Q: How do I change a photo to black and white in Photoshop?
A: Read the tutorial below for a complete answer.
This mini-tutorial assumes you will be using Adobe Photoshop®. Don’t worry too much about the version of Photoshop you have as the procedures are similar. A little plucking here and there should get you going. You might notice that apart from the Hue/Saturation method, which wasn’t fully desaturated, most of the photos look very similar.
The changes are very subtle, but when you are working with professional photos you want that kind of control. Subtle changes can make a big difference. Note: Some older versions might not have some of these features.
There are various ways to change a color photo to black and white. Let’s start with the most obvious and simple one:
1. Change photo to grayscale method
For this method, simply open your color photo in Photoshop and go up to the menu and select, Menu>Image>Mode>Grayscale. Photoshop will ask you if you want to discard color information. Click Discard and you’re done. Below is a photo of the menu path and the final effect result.
2. Hue and Saturation method
This next method is a little bit more involved but will allow you to keep some of the color if you’d like. First, open your photo, then follow this menu path: Menu>Image>Adjustments>Hue/Saturation. When the adjustment window opens simply slide the center “Saturation” slider left. The more you go left the less color. All the way left will render a full black and white image. The beauty of this method is you get to keep the photo as RGB or CMYK, not grayscale.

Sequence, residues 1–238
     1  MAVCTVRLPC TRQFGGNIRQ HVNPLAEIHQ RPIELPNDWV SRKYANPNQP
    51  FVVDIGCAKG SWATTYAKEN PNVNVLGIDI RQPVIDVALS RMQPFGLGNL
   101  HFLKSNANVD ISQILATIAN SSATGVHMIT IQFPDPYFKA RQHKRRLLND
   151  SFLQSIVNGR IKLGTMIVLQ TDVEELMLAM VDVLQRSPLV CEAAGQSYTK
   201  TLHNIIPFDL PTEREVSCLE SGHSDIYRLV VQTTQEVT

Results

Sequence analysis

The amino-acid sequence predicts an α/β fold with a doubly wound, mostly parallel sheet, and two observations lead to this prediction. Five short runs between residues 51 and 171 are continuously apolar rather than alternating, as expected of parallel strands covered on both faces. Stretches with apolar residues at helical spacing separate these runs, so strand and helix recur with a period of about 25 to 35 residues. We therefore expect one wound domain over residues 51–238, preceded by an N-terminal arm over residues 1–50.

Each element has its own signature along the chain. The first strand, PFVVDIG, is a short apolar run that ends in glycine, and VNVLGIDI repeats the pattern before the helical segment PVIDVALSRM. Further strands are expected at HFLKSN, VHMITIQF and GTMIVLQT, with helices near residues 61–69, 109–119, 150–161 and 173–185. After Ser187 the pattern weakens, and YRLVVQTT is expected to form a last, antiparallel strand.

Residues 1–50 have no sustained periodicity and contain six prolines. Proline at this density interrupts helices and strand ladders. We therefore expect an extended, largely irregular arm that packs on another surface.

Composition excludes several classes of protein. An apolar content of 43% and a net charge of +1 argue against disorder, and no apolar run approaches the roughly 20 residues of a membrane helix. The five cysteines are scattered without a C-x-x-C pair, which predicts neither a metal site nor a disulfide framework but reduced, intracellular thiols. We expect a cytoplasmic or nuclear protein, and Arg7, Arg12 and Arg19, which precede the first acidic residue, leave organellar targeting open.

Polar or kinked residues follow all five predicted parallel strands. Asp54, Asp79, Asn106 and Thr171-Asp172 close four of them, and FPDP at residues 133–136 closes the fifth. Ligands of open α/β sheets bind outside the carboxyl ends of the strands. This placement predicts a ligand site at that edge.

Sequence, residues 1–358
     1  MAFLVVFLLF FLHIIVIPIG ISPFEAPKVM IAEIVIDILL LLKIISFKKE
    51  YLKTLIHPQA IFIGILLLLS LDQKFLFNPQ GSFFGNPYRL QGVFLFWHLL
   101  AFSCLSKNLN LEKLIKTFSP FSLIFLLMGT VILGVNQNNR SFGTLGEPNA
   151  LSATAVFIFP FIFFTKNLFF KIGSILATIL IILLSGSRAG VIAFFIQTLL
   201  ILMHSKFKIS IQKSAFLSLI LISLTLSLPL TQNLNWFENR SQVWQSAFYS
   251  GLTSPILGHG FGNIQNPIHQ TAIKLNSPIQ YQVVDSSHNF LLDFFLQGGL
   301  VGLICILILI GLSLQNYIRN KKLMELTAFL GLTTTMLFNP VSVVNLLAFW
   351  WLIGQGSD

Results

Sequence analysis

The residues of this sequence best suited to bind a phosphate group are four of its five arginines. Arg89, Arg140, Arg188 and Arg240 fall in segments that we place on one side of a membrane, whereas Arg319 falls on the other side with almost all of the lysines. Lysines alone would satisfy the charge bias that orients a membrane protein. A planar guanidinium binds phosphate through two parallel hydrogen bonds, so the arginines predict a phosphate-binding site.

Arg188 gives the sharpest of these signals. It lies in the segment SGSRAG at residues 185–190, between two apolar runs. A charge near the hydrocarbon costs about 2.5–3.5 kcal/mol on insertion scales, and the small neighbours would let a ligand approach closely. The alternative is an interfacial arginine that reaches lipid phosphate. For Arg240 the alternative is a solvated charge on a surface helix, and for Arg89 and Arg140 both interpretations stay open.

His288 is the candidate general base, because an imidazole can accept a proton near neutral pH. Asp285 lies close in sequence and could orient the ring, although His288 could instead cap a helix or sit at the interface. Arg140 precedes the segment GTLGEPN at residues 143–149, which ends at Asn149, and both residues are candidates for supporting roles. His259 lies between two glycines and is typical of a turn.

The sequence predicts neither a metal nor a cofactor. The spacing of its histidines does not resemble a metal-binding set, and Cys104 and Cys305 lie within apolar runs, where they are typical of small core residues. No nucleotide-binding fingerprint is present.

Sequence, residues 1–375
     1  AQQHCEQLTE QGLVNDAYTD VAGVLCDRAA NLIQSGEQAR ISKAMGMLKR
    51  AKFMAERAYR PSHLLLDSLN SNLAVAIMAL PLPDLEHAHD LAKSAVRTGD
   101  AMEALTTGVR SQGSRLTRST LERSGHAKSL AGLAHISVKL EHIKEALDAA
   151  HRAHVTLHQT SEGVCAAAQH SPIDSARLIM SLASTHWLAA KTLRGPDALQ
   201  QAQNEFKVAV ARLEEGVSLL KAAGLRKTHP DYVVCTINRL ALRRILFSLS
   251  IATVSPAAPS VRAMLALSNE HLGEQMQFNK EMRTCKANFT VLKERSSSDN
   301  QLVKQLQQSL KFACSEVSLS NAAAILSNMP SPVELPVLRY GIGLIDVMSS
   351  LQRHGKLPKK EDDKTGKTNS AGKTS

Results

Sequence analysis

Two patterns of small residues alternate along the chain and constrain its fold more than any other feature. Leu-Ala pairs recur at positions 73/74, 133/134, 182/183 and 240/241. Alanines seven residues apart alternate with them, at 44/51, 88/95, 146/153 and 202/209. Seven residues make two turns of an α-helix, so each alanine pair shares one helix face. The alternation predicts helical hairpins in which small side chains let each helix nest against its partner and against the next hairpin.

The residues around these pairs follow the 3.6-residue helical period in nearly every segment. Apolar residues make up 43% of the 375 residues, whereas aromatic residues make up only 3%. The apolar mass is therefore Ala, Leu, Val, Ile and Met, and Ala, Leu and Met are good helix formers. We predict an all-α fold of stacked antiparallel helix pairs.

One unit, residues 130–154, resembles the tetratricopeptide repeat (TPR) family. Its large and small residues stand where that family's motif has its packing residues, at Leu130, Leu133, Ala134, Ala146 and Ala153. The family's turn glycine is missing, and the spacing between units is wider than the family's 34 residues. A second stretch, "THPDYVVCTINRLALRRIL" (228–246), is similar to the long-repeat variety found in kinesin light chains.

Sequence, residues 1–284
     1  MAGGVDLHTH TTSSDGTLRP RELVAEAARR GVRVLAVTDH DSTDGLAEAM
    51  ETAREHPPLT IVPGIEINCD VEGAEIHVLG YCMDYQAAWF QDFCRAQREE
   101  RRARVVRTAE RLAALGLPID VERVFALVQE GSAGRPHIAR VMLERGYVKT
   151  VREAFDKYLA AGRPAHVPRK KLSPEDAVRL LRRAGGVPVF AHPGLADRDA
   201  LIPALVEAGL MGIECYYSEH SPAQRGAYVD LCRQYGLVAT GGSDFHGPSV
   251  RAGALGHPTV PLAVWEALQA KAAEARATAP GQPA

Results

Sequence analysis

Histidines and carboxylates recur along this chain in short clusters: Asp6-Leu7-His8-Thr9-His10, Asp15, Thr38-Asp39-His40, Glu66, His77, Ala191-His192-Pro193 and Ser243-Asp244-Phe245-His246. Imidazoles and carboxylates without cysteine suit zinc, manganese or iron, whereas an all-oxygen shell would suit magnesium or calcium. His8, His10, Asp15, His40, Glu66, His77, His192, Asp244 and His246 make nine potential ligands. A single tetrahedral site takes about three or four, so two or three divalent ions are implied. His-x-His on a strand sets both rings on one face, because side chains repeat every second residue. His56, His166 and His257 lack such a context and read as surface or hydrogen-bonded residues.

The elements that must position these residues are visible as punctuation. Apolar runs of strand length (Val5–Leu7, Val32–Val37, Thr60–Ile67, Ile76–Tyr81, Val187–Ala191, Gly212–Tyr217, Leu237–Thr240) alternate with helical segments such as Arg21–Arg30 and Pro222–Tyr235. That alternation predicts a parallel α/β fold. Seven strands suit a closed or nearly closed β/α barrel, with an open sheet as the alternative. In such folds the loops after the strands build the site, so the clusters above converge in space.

3. Black and White method
This method also allows you to keep the photo in the current color mode even while changing to black and white. It allows even more control over your final black and white photo’s look. In the menu, follow this path: Menu>Image>Adjustments>Black and White… A Black and White control adjustments box will appear. The photo will instantly turn black and white when this window opens, but here you can adjust how the final result looks. The easiest and quickest way is to select one of the presets off the presets menu at the top of the box. I used the “Infrared” preset. Find something you like, customize it further if you want and then commit the changes. That’s it. (Note: Some older versions of Photoshop do not have this Black and White adjustments feature.
4. Channel Mixer method
This method is my personal favorite but it involves the most amount of work. However, the control is much more than with the other methods. With your photo open, go to the channels pallete. If it isn’t open, open it by going to Menu>Window>Channels.
This method works in both RGB and CYMK but I prefer to do it in RGB. So change your color mode to RGB if it already isn’t. Menu>Image>Mode>RGB. In the channels palette click on each of the channel colors individually (red, green, and blue) and look at the results in the photo. Decide which of the 3 channels yields the most detailed image. Then reselect “RGB” at the top of the pallete so the image shows in color again.
Now to do the actual conversion. Go to Menu>Adjustments>Channel Mixer… and an adjustments box opens. In the adjustment box select the output channel that corresponds to the channel color you chose as the best looking one. For example, Blue. You’ll see the blue slider move all the way to +100%. Then tick the “monochrome” box at the bottom. You’re image will now look officially Black and White, however, you may want to move the color channel sliders every so slightly until you get a mixture that you really like. I avoid the “constant” slider, but if you do use it, move it very little. It tends to screw up the saturation and make the image too light or too dark. Once you are happy with the results, click OK and you’re done. You may notice the image is still RGB, not grayscale. If you screw up a setting while you are making adjustments, I find the easiest way to deal with the problem is to cancel the changes and close the control window. I then reopen it again to start over. You may find a different way of dealing with this but this works for me.